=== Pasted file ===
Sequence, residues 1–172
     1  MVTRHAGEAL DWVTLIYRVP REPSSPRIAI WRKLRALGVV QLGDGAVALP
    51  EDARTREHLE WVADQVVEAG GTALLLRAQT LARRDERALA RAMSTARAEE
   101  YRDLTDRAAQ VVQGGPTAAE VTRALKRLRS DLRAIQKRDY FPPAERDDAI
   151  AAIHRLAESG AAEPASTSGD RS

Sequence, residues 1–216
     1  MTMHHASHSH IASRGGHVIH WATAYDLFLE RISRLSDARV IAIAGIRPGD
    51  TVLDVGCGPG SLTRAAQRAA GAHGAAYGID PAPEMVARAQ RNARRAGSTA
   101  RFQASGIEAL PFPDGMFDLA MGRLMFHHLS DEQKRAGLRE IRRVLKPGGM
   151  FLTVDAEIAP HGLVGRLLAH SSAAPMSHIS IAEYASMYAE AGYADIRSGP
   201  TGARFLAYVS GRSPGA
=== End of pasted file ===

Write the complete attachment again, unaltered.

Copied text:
Sequence, residues 1–172
     1  MVTRHAGEAL DWVTLIYRVP REPSSPRIAI WRKLRALGVV QLGDGAVALP
    51  EDARTREHLE WVADQVVEAG GTALLLRAQT LARRDERALA RAMSTARAEE
   101  YRDLTDRAAQ VVQGGPTAAE VTRALKRLRS DLRAIQKRDY FPPAERDDAI
   151  AAIHRLAESG AAEPASTSGD RS

Sequence, residues 1–216
     1  MTMHHASHSH IASRGGHVIH WATAYDLFLE RISRLSDARV IAIAGIRPGD
    51  TVLDVGCGPG SLTRAAQRAA GAHGAAYGID PAPEMVARAQ RNARRAGSTA
   101  RFQASGIEAL PFPDGMFDLA MGRLMFHHLS DEQKRAGLRE IRRVLKPGGM
   151  FLTVDAEIAP HGLVGRLLAH SSAAPMSHIS IAEYASMYAE AGYADIRSGP
   201  TGARFLAYVS GRSPGA